Trade is never free. Actually existing global markets are always and everywhere facilitated and constrained by laws, treaties, regulations, and the vagaries of bureaucracy. (And I write this as a realist about bureaucracy. The rule of the desk-bound is always tedious, often frustrating, and not infrequently in some or other way corrupted. But it is nonetheless greatly to be preferred to the rule of marauding bands of children with guns or laptops.)

The choice is not between free and fair trade. It is sometimes between obviously fair and blatantly unfair trade. But more often it is between maybe-a-little-more-fair and perhaps-a-little-less-unfair trade. The arrangements allowing for international trade are complicated, involve multiple legitimate (and yet sometimes incommensurable) interests, and are profoundly affected by the different political visions and economic theories to which the various participants subscribe.

Moral discourse about matters of international trade, as a result, demand a thoroughgoing understanding of its practice (preferably earned during years of experience in commercial activity), clear-sightedness with regard to its politics, and a depth of reading into its theory. Since I hardly meet any of these criteria I am not really to be trusted as a commentator on the current conflict between the USA and South Africa over chicken imports. But I’m going to guess that no-one else is going to write about the chicken wars in Providence, and since trade between America and Africa involve matters of profound moral significance, I’m going to go ahead and blunder into the quagmire.

On November 5, President Obama sent a letter to Congress that starts out as follows: “In accordance with sections 506A(d)(4)(C) and 506A(c) of the African Growth and Opportunity Act (AGOA), I am providing 60-day advance notification of my intent to suspend the application of duty-free treatment to all AGOA-eligible goods in the agricultural sector for the Republic of South Africa 60 days after the date of this notification.”

President Obama’s letter was a response to South Africa not meeting one of the eligibility criteria for preferential treatment in terms of AGOA, namely “the elimination of barriers to United States trade and investment.” Between 2000 (the year AGOA began to have effect) and 2014, South Africa establish various barriers to the import from the USA of chicken, beef, and pork products, usually giving as its reasons concerns about outbreaks of animal diseases, and eventually resulting in almost completely blocking all such imports. Despite agreeing in negotiations in June of this year to lift some of these import restrictions, by November South Africa had not yet created the legal conditions that would give effect to the June agreements, resulting in President Obama’s letter.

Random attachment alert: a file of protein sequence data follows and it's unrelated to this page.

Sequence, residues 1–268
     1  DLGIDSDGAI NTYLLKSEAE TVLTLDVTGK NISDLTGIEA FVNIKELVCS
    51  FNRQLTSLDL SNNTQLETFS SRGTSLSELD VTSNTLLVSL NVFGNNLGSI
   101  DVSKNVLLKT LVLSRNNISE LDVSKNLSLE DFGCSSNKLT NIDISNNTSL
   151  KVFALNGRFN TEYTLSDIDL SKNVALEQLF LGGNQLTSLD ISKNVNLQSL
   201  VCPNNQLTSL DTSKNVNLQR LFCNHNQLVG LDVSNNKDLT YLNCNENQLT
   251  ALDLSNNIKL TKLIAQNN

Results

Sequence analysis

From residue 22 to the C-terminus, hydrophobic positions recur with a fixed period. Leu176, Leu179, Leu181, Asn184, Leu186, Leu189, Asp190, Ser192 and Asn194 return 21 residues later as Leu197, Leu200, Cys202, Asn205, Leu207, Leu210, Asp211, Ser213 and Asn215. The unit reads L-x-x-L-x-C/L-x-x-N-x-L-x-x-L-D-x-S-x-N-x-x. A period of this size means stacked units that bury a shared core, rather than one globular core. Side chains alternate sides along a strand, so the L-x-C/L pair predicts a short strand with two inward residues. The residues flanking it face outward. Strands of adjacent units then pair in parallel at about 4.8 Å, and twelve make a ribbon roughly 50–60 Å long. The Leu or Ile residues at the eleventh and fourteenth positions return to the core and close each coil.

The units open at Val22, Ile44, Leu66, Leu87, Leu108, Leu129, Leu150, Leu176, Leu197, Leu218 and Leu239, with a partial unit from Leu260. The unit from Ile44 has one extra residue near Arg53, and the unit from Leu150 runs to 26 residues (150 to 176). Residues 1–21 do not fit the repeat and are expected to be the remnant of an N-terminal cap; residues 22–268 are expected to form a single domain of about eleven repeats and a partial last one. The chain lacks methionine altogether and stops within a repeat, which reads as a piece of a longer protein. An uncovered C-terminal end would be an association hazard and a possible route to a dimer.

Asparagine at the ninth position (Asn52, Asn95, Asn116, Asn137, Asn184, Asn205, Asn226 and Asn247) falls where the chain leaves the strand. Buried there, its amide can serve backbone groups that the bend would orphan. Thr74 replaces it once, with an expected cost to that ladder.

The consequences for South Africa of losing duty-free import privileges to the USA would be significant: in 2014, South Africa exported goods to the USA under AGOA to the value of $1.7 billion. President Obama’s November 5 threat was effective: on November 13 the two governments signed the “Protocol for Poultry Meat and Day-Old Chicks,” which addressed South African concerns about avian flu, lifted some restrictions on American poultry imports to South Africa while establishing an annual quota of 65,000 tons for such imports, and depending on follow-through by the South African government reduced the likelihood that President Obama will make good on his threat come January.

Why does the U.S.-South African Chicken War matter? More particularly, why should it matter to American readers of a journal about Christianity and American foreign policy? After all, this is not a matter involving terrorist bombs or American boots on foreign soil. Instead we are talking about things like American chicken feet and heads (spiced and barbequed as “walkie-talkie,” a tasty delicacy for some South Africans), “waste products” left over after poultry farmers have already met their profit margins from white meat sold within the USA and then exported to foreign markets.

I want to suggest that at the intersection of Christianity and American foreign policy, trade matters as much as war. While war is a negative means to justice when it restrains evil and establishes a more justly ordered peace, trade is a positive means to justice when it enables enterprise and effort to open up opportunity for economic flourishing. Well-ordered international trade saves lives and opens up life chances on the scale of billions of people: as the United Nations reports, “globally, the number of people living in extreme poverty has declined by more than half, falling from 1.9 billion in 1990 to 836 million in 2015.”

According to the World Bank, “in countries where financial sectors are deep, education levels high, and governance strong,” much of that change is the result of improved international trade.


Gideon Strauss is a Senior Fellow of the Center for Public Justice and Associate Professor in Worldview Studies at the Institute for Christian Studies


photo credit: The Rooster is in public domain via Wikipedia Commons